Assessment of the BMD provides a crucial determinant of fracture risk and many guidelines have used BMD thresholds to determine whether treatments should be recommended. However, the multifactorial nature of fracture risk means that BMD does not capture non-skeletal determinants of fracture risk such as a liability to fall. A number of risk factors for fracture has been identified that contribute significantly to fracture risk over and above that provided by BMD.  A good example is age. The same BMD has a different significance at different ages, such that fracture risk is much higher in the elderly than in the young.  This is because age contributes to risk independently of BMD. Over the past few years, a series of meta-analyses has been undertaken to identify additional clinical risk factors that could be used in case finding strategies, with or without the use of BMD. This gave rise to the development of Fracture risk assessment tool (FRAX), a tool that integrates the information derived from the clinical risk factors and the BMD. 
The Indian guidance notes the value of BMD, independent clinical risk factors and FRAX in the assessment of fracture risk. In common with many guidelines, treatment is recommended in women with a prior fragility fracture. Treatment is also recommended in women with significant clinical risk factors in whom osteoporosis is diagnosed by densitometry. The guideline steers clear of specific advice on intervention thresholds based on FRAX.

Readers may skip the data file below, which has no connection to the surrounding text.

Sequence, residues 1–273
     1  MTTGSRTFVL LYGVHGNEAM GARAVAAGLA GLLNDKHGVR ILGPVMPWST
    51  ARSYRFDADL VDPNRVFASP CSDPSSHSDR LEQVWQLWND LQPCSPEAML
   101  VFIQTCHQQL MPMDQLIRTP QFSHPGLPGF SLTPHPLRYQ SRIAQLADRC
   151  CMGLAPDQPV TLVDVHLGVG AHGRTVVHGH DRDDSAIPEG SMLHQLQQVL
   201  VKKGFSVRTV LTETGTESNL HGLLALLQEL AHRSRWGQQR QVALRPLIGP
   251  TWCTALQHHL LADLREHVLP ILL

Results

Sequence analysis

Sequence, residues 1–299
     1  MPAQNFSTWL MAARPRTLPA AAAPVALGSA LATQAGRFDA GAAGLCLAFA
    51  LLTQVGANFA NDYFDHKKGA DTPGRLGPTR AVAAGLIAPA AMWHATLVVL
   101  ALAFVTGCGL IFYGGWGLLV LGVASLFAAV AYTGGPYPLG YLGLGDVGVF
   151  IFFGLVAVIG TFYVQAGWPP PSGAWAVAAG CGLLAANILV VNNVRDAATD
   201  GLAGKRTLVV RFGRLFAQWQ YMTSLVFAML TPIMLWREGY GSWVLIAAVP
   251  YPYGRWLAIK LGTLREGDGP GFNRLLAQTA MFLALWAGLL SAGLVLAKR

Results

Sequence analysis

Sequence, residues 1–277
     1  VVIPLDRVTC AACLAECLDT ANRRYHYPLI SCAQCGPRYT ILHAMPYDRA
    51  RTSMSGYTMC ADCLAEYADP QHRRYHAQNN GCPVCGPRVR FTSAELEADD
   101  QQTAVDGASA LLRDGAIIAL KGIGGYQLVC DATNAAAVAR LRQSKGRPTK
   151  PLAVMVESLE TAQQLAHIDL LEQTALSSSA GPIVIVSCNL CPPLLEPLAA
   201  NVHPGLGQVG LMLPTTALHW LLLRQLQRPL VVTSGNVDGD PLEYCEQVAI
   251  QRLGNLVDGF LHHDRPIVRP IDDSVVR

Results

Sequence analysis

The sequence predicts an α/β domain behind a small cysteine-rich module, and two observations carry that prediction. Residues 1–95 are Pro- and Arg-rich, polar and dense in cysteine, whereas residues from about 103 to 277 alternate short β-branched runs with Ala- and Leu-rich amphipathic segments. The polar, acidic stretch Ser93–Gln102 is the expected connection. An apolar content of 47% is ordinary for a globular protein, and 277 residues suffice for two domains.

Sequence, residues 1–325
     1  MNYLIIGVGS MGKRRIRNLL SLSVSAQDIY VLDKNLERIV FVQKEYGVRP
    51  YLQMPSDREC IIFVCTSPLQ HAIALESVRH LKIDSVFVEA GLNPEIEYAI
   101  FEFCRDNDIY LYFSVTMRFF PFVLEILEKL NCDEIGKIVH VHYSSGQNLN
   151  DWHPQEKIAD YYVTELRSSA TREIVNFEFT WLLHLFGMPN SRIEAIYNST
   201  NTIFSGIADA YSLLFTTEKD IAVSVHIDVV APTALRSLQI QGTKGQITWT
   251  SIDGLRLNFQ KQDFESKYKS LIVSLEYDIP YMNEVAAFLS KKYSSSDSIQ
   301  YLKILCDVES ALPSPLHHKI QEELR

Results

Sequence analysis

FRAX calculates fracture probability in individuals from age, body mass index and dichotomized risk factors comprising prior fragility fracture, parental history of hip fracture, current tobacco smoking, ever use of long-term oral glucocorticoids, rheumatoid arthritis, other causes of secondary osteoporosis, and alcohol consumption.  Femoral neck BMD can be optionally input to enhance fracture risk prediction. Fracture probability is computed taking both the risk of fracture and the risk of death into account. The use of clinical risk factors in conjunction with BMD and age improves sensitivity of fracture prediction without adverse effects on specificity.  Even if the performance of FRAX is enhanced by the use of BMD tests, it should be recognized that FRAX without BMD has a predictive value for fractures that is comparable to the use of BMD alone.  Thus, a major advantage of FRAX is the ability to assess fracture risk where the BMD is unavailable. The availability and access to densitometry in India is very low,  but an Indian-specific FRAX model is available.